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Comment Re: C does not need replacement (Score 1) 437

I would also add other things that changed since Unix/C came out: 1) The whole Unix design is the bottleneck in large servers. Read about "Data Planes" and the 10MillionConnection problem. 2) Physical memory protection and Kernel/Userspace split impose horrible costs. There is a reason that extremely high end server systems essentially run as userspace processes that binds some cores and some ethernets together and basically disables the kernel -- which puts every single thing into one gigantic process. 3) If something needs to be produced, there is a dollar amount that can be sunk into it. If it requires a large group of the most expensive developers, it will simply never be built for economic reasons. Therefore, we see a lot of half-baked stuff get built instead.

Comment Re: C does not need replacement (Score 1) 437

Actually, the environment has changed since C was created. C is still wonderful for programs that are small. It's perfect for an environment of static allocation. It gets its speed *precisely* from assuming that undefined behavior does not happen. This alone makes it terrible a terrible choice for large programs that must stand up to malicious input (let alone bad coding - and even sabotage that slips past code review). The world's cryptography libraries are a fantastic case in point, where the best developers in the world are constantly having their security broken The input that modern programs must consume generally requires Turing Complete recognition. It asks the code to solve NP-complete problems and Undecidable problems at the time the code is written, and at runtime. On Windows systems, more CPU time is wasted running Virus scanners and ad-hoc security checkers than would be consumed by simply having applications just be written in more verifiable languages. This mostly boils down to having type systems which can be verified. Rust has issues in embedded settings, but it's not a fat and lazy language. You can run Valgrind on Rust binaries, as its output is essentially the same as C. There is a lot wrong with C from the point of verification. At the moment, you can't simply assert to the compiler (in C) that if there are type system violations that you don't even want the binary to be produced. Not even for small programs. The software industry needs to grow the hell up and start making systems that can be certified for safety.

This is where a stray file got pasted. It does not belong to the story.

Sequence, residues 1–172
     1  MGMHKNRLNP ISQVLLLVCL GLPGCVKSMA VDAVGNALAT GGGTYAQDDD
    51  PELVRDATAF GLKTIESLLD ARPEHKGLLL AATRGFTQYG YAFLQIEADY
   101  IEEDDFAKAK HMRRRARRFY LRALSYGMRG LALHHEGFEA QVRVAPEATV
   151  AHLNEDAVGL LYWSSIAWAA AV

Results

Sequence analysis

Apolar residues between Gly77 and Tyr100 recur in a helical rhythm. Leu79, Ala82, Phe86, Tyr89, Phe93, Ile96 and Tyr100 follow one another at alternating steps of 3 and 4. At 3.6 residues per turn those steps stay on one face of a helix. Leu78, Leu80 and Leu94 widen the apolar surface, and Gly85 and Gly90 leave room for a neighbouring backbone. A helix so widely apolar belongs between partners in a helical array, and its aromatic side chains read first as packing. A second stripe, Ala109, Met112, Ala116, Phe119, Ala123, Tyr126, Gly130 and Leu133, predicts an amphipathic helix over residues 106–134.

Comment Re:Semantic Versioning (Score 1) 86

The version numbering should specifically speak of contracts between components, or else it's not robust enough to help with automating things. Roughly speaking: the contract is the header files exported (or IDL files), and an implementation of the contract imports those header files. The header files should contain all documentation that pertains to the contract, and even documentation changes to the contract should bump the contract version up, while the implementation imports the contract just like the client does. The contracts "5.0" and "5.1" are not necessarily compatible in every way, because the interface expanded; which will cause things like structures having incompatible sizes in C, or unimplemented interface members in Java. For this reason, 5.0.20 and 5.1.20 might be the same implementation exposing two different interfaces. Both being version "5" basically means compatibility at the level of source code, and both being "5.1" should mean that they both work with the same contract. That means that there is agreement on: structure members, sizes, which functions exist, their preconditions and postconditions, data layout in buffers passed around, etc. Assuming that "5.7" can use "5.2" should be expressed in an explicit and computable way. A "5.7" component might export a "5.2" interface, but it should be done explicitly. In the real world, there are compatibility outages in places where theoretically things should be compatible. It's almost easier to dispense with version numbers, and simply declare that if A talks to B, then they both import C of the same git commit, or a C in a list of supported interfaces. Otherwise, the versioning is just a bunch of marketing stuff that has little to say about what is actually connected to what.

Comment Re:Software error ... (Score 1) 234

Do you actually mean alloca() ... no dynamically sized local variables? Because that makes sense. I would say that it makes more sense to ban global variables than to ban local variables. Although, returning pointers to values that were once on the stack could be quite a hazard that might give me pause to ever use pointers to local variables.